19th and 20th century methodologies have led us to today’s curriculum maps and instructional guides. This is often quite helpful in determining the linear planning necessary for instructors to make sense of the vast amount of information available to students today. It his harmful, however, when these same guides limit our thinking about the topics we
teach. If we are teaching World History, for instance, we tend to believe that our examples must always come from places other than the United States. This is erroneous thinking. Let me give you an example.
If you are teaching World History, Western Civilization, Third World History or the History of the Americas, one of the topics you will address and discuss is the division of labor in society. How would you engage your students in such a discussion in a way that would capture their imagination? Would it be, “read pages 75 – 77 in the textbook”? I don’t think so. Instead, I would project the 3D image of a 21st century drop spindle on my
Smartboard/Whiteboard as the students arrived in class. I would then ask them, “What is this, and why might it be important to us to today?” I would then turn the students loose to analyze, synthesize, problem-solve and make evidence-based decisions on their own. If they needed prompts or assistance, context support in the form of images of persons using the tool could be provided.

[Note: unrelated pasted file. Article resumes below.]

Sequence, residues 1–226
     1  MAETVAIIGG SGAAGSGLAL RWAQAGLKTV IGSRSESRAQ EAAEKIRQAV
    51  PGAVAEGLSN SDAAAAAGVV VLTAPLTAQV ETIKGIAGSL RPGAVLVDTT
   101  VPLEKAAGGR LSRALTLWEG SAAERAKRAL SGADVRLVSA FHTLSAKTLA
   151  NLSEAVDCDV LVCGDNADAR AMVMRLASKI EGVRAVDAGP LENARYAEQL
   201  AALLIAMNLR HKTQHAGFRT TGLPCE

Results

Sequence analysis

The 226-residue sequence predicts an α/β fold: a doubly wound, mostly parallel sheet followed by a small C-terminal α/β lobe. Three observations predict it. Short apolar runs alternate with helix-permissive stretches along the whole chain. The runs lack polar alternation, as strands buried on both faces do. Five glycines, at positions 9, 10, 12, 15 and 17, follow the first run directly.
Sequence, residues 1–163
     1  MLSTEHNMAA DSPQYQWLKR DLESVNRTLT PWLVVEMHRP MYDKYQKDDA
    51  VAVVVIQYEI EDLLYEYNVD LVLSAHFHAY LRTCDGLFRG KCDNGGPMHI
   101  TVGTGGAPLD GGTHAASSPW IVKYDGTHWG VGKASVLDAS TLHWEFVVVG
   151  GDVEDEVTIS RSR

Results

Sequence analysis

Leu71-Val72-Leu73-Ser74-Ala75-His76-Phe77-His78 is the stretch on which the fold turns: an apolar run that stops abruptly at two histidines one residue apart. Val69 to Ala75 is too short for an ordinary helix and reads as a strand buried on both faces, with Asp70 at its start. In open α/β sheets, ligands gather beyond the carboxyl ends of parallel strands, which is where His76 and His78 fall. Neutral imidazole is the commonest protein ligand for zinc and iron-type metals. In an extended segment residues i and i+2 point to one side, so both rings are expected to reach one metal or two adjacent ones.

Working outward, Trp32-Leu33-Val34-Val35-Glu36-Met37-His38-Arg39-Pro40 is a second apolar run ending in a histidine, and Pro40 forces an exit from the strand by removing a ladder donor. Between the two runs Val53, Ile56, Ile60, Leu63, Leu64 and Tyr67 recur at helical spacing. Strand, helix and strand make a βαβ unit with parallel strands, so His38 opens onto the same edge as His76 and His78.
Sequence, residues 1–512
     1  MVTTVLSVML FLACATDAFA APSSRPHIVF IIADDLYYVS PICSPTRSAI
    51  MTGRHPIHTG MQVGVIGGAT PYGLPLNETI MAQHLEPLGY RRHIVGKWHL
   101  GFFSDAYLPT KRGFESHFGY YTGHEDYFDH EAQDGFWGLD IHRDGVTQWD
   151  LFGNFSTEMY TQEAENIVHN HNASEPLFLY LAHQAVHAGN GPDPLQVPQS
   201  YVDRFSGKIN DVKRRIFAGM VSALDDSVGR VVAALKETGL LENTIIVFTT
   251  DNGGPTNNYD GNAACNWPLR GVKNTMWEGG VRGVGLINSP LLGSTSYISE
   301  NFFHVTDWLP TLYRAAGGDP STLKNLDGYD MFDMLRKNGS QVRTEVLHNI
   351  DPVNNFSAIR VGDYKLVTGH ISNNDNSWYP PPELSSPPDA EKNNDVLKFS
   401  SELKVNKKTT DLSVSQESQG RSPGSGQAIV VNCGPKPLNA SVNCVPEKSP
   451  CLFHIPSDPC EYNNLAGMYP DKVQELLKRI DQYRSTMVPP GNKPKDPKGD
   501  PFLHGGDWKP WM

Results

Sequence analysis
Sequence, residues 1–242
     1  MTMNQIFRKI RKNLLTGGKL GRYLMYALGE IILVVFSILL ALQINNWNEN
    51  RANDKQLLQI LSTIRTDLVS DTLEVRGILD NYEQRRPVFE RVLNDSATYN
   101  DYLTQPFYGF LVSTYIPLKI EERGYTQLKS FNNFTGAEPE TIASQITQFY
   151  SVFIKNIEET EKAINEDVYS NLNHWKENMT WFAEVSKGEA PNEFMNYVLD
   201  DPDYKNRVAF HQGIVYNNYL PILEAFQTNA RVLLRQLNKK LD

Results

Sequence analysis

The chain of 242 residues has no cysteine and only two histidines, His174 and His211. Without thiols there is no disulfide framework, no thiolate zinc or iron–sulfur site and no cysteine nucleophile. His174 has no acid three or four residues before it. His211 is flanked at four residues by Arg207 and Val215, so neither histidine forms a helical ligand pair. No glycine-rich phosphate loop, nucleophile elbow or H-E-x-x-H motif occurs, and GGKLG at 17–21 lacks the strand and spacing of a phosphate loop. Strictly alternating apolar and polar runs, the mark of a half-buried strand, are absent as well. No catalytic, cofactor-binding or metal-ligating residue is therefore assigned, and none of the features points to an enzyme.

Drop spindles are marvelous items. They are found in every civilization from earliest times through today. Images exist from Ancient Egypt, through Greece, Rome, the Mayans, the Middle Ages, and modern times of women using drop spindles. These images are found in murals, on pottery and in ancient texts. Once the item identified, the second part of the question can be addressed in terms of the discipline under study.
The drop spindle demonstrates that spinning is ubiquitous to every civilization, and that spinning, with some minor exceptions, has been women’s work. Spinning has defined women in all civilizations and cultures from the beginning of time. What is important here, is that a 21st century object was used to introduce the idea of the division of labor and women’s roles in society not only throughout the world, but also since the beginning of recorded history.
This characteristic of an artifact, its application in society, is not constrained by date, time or location. Saws are saws. Drop spindles are drop spindles. Wheels are wheels. As teachers, we need to get away from the limitations of teaching “Colonial history,” or the “Ancient World” in 19th and 20th century terms and apply the tools and artifacts that will engage our students in thinking broadly, critically and in terms relevant to them.
Drop spindles are just one example of how artifacts can open the world to students regardless of the era, group, economy, or location under study.